## using foldr to do map

I am reading Hutton's book, programming in Haskell, and got stumped by a question. redefine map f using foldr. Since foldr is described as replacing (:) in a list with some provided operator it seemed it shouldn't be too hard.
foldr requires two components a what to do on empty list and the operator.

So I tried this:

> folmap :: (a -> b) -> [a] -> [b]
> folmap f = foldr (:.f) []

My reasoning is that you apply the : operator after f on every value in the list. (Though I may not understand the (.) I was thinking that if f = (a ->b) and g = (b -> c) then g.f would be g performed after f (or g.f is f followed by g).

## Comment viewing options

### Correct

Your solution seems correct to me. You just need extra parens around the colon operator to please the compiler: folmap f = foldr ((:) . f) [] (comp.lang.haskell is probably a better place for such questions though).

### Right idea

Just your syntax is a little off. First of all, : is an infix operator, so you need to convert it to a prefix operator by wrapping it in parentheses (:).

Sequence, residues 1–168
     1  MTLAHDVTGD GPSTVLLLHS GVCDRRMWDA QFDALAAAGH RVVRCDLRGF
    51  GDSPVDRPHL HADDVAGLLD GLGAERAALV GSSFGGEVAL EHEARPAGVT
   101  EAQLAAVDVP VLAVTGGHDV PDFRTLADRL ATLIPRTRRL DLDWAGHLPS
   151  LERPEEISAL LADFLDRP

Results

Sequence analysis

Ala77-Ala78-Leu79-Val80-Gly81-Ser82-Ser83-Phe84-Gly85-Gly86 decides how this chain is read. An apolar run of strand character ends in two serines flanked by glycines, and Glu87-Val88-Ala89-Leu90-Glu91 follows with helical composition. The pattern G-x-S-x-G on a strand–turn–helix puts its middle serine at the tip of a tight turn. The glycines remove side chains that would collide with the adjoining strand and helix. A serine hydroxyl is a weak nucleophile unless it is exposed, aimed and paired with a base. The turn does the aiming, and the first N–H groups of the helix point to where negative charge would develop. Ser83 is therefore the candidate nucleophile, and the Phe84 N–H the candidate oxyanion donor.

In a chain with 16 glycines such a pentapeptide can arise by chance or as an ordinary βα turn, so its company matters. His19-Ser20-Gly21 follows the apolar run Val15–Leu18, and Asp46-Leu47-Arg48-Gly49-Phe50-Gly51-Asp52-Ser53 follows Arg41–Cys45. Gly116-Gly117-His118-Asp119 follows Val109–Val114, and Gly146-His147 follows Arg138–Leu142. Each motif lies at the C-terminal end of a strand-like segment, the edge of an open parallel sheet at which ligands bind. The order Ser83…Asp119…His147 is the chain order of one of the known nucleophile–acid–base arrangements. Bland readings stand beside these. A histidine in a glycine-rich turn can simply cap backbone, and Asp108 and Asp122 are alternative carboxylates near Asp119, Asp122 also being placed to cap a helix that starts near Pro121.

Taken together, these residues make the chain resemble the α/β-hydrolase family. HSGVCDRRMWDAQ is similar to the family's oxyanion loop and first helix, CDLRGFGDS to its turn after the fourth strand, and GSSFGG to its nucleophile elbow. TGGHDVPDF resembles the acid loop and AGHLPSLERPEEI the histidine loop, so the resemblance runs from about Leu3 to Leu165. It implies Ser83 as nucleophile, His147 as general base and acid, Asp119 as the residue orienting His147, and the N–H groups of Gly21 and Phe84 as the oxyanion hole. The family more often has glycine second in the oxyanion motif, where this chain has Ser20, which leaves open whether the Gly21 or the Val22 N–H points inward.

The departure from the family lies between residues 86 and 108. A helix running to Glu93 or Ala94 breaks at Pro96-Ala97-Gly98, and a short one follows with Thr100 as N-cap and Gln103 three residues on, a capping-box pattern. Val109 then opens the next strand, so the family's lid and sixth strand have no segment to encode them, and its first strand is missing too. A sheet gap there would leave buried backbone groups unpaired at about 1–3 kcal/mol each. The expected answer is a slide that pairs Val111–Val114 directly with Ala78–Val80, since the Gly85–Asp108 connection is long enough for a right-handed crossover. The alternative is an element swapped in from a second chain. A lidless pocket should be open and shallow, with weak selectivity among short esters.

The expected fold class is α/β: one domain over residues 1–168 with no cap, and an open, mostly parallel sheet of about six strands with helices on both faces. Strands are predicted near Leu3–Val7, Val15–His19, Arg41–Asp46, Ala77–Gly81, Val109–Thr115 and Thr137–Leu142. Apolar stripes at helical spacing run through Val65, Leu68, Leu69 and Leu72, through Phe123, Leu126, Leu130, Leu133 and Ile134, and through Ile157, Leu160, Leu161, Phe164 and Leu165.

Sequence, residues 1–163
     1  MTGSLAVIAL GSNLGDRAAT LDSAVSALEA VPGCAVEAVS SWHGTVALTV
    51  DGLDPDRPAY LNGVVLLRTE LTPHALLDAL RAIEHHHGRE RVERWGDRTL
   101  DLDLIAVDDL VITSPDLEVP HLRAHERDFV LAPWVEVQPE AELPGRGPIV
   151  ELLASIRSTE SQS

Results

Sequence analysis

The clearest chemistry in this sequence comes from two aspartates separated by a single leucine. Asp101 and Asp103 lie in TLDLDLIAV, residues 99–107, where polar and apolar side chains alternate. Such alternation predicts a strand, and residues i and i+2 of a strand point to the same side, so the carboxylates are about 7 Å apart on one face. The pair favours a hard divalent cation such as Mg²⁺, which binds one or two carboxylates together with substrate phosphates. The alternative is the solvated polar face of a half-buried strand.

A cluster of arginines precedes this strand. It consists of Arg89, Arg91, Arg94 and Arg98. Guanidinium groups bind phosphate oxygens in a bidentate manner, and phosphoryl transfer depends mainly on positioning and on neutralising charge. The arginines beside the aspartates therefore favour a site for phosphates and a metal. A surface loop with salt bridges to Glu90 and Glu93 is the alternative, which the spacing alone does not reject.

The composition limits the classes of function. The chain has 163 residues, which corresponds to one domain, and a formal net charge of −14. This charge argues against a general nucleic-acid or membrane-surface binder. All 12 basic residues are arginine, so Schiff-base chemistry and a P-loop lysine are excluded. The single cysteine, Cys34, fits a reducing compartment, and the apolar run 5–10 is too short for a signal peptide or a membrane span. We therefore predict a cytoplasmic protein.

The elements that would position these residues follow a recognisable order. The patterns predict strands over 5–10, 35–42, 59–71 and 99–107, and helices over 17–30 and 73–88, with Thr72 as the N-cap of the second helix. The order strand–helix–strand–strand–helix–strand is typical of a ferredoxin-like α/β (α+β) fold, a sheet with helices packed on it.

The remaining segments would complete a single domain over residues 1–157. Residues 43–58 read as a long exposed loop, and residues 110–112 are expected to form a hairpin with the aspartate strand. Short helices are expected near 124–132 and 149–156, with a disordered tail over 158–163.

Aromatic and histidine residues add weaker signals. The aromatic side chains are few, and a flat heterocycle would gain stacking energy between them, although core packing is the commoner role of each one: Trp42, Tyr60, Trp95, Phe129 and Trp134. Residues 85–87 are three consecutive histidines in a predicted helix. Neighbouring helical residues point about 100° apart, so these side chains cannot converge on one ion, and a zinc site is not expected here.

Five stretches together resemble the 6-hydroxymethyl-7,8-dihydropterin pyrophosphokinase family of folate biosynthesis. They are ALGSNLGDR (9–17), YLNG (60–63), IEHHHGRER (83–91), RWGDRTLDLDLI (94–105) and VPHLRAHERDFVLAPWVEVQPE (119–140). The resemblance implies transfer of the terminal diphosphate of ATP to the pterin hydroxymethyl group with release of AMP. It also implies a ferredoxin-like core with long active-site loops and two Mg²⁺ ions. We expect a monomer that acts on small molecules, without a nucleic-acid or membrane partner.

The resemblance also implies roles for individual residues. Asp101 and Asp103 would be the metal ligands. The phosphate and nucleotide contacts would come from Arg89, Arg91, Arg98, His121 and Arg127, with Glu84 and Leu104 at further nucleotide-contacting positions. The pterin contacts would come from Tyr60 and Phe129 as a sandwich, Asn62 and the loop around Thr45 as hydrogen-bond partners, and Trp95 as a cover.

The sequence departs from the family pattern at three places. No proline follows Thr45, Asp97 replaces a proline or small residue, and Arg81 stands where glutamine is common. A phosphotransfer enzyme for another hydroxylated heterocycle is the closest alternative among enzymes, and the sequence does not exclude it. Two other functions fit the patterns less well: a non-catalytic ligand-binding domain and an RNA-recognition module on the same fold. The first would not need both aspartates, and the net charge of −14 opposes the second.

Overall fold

Also, due to warts of Haskell's syntax, I strongly recommend putting a space before and and after the composition operator when used infix, even though in some cases you can get away without it. It's overloaded for qualified names (e.g. Module.function), and (:.) is a valid infix operator name. So writing (:.f) is equivalent to (\x f -> x :. f) thanks to section syntax. (Actually, (:.) is a constructor name, and not just a function, so you have to introduce it in a data definition and you can pattern match against it too.)

It doesn't appear that you are too far from understanding (.). :) There isn't much to it, and it's really easy to define in any number of ways:

f . g = \x -> f (g x)
(f . g) x = f (g x)
(.) f g x = f (g x)
(.) f g = \x -> f (g x)
(.) f = \g -> \x -> f (g x)
(.) f = \g x -> f (g x)
(.) = \f g x -> f (g x)


etc etc. In Haskell, you have a lot of choices of syntax for the exact same thing. The only difference in these definitions is syntactic.

### thanks, that did it

I had missed the parentheses around :